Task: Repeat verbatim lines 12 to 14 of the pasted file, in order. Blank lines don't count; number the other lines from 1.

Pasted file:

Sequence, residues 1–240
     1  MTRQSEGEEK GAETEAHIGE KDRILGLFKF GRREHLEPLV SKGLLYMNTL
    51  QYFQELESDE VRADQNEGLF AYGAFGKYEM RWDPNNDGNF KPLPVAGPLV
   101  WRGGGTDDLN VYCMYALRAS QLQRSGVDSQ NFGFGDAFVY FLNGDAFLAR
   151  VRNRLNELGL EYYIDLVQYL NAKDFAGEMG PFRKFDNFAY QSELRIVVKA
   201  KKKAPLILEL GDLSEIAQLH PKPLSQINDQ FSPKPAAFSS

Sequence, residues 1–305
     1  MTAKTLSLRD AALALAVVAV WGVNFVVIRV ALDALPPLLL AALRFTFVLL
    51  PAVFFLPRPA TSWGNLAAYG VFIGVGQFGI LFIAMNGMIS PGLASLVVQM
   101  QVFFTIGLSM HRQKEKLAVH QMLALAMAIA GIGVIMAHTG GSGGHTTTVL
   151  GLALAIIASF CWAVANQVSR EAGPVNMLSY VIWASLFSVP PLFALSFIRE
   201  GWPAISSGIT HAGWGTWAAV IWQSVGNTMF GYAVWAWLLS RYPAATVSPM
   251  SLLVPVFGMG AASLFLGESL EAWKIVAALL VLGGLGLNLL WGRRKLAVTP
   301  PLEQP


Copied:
   201  GWPAISSGIT HAGWGTWAAV IWQSVGNTMF GYAVWAWLLS RYPAATVSPM
   251  SLLVPVFGMG AASLFLGESL EAWKIVAALL VLGGLGLNLL WGRRKLAVTP
   301  PLEQP